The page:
Unlike the Soviets of the 1980’s, the Chinese government is continuing to crackdown on its opposition.  The Chinese demonstrate this most notably during the protests calling for democracy in Tiananmen Square. Gorbachev’s glasnost policies are a catalyst for the fall of communism in countries such as Poland, Hungary, Easy Germany, Bulgaria and Czechoslovakia.  The Chinese people see the rise of freedom in their neighboring Communist countries and want this for themselves, helping to spark the protests.  Indirectly, Soviet glasnost is a likely source of the Chinese protestor courage. Xiaoping—the father of China’s socialist market economy—is not surprisingly a supporter of the movement, but is later forced by the Chinese Communist Party to denounce the incident (Barboza, 2011).  Ultimately, the events of Tiananmen Square give the Chinese government an excuse to crackdown under the veil of restoring order and work to only temporarily impede the Chinese economic surge.  Counter-intuitively, the continued crackdown in China may very well be the reason the Chinese economy flourished while the Soviets struggle.  Successful free markets require order and rule of law, something the Chinese maintain while the Soviets let slip.

China’s economy is growing rapidly and with that growth U.S. and Chinese trade increases.  Total U.S. trade with China increases from $2 billion in 1979 to $457 billion in 2010 and most of the increase is attributable to the export of Chinese goods (Congressional Research Service, 2011). In 1985—prior to the Chinese economic reforms—the U.S. imports only $3 billion in goods from China.  In 2011, almost $400 billion of U.S. trade with China is in Chinese exports (United States Census Bureau, 2012).  This increase in Chinese output coincides almost perfectly with the Chinese economic reforms of the 1980’s.  Because China realizes the advantages of a worldwide economy in the 1980’s, an increased consumer base for China creates a newfound demand for goods and allows their economy to flourish over the last three decades.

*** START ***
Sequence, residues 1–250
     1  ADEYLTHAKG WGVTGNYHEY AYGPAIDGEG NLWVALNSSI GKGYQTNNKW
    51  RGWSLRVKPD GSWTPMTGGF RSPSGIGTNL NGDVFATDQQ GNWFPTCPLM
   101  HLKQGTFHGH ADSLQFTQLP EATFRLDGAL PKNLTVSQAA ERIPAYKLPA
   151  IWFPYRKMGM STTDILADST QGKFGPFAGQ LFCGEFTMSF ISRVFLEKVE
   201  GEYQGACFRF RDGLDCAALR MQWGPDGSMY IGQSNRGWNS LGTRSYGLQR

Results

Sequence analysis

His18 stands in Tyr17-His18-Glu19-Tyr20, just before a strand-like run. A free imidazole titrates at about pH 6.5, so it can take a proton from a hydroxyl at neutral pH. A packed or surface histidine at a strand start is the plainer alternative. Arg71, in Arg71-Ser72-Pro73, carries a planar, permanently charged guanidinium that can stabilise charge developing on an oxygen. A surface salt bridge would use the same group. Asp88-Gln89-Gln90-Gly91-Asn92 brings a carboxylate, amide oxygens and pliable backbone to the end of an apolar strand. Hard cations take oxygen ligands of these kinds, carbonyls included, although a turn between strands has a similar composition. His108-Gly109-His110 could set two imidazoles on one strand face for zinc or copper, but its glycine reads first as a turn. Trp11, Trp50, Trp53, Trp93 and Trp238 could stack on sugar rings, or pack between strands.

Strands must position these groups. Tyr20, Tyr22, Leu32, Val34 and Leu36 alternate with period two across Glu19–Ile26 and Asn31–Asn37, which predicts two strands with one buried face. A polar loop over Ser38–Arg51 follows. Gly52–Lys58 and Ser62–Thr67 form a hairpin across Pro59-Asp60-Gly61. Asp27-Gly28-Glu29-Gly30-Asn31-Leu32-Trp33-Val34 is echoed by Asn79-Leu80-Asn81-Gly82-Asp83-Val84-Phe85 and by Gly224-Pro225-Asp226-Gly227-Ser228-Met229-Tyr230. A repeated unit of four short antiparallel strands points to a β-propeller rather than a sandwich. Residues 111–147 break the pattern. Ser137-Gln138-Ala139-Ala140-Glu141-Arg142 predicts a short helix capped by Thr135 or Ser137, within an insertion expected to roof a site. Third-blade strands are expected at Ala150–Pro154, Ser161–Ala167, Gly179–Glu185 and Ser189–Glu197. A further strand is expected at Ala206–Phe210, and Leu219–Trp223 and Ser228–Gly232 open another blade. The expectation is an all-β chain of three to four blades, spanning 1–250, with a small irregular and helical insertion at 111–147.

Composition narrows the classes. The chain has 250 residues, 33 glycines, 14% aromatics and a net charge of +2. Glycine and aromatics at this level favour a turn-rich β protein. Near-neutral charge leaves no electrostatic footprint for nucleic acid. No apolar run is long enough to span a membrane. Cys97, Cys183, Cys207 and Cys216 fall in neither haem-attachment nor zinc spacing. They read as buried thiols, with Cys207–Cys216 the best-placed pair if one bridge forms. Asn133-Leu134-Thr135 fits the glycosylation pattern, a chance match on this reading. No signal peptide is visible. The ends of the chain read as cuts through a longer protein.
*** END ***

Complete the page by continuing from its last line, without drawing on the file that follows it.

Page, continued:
Conversely, the comparatively stagnant trade between the U.S. and Russia demonstrates the failure of the persistent Soviet isolationist economic policies of the 1980’s.  Because of Soviet secrecy and isolationism, reliable trade numbers older than 1992 are not even readily available.  As a contrast to the burgeoning exports of China, the Soviets only increase their exports to the U.S. from $481 million in 1992 to $34 billion in 2011 (United States Census Bureau, 2012).  The difference in China is stark.  Although Soviet economic policies of the 1980’s are not solely to blame for Russia’s failure when compared to China, the complexion of the Russian and Chinese economies would likely be quite different if those policies are reversed.

The transformations in China and the former Soviet Union in the 1980’s extend far beyond the borders of these two countries.  Glasnost paved the way for perestroika in the U.S.S.R.  Glasnost and perestroika awakened the Chinese to begin a transformation of their own in order to stay competitive, and also in an attempt to partially appease the Chinese people.  Chinese exports are decades ahead of what the Russian’s can achieve.  Subsequently, the United States’ trade with Russia remains largely stagnant but is ever increasing with China.  American’s enjoy the benefits of less expensive goods due to the increased supply coming from China.  This development is in large part a result of policies set in motion in the 1980’s revolutions in Communist Europe and China.


Library of Congress (July 1996). Russia: the perestroika program.

Retrieved from

New Learning (2011). Deng Xiaoping: Socialism with Chinese characteristics.

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United States Census Bureau (2012).  Trade in goods with Russia.

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United States Census Bureau (2012).  Trade in goods with China.

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Congressional Research Service (30 Sept. 2011). China-U.S. trade issues.

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Remington, Thomas (1989).  The Oxford Journals: Renegotiating Soviet federalism:

glasnost and regional autonomy.  Retrieved from

Magstadt, Thomas M., Ph.D (1989).  Cato Institute. Gorbachev and Glasnost—A new Soviet order? Implications for U.S. foreign policy.

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Barboza, David (2011).  The New York Times. The man who took modernity to

China.  Retrieved from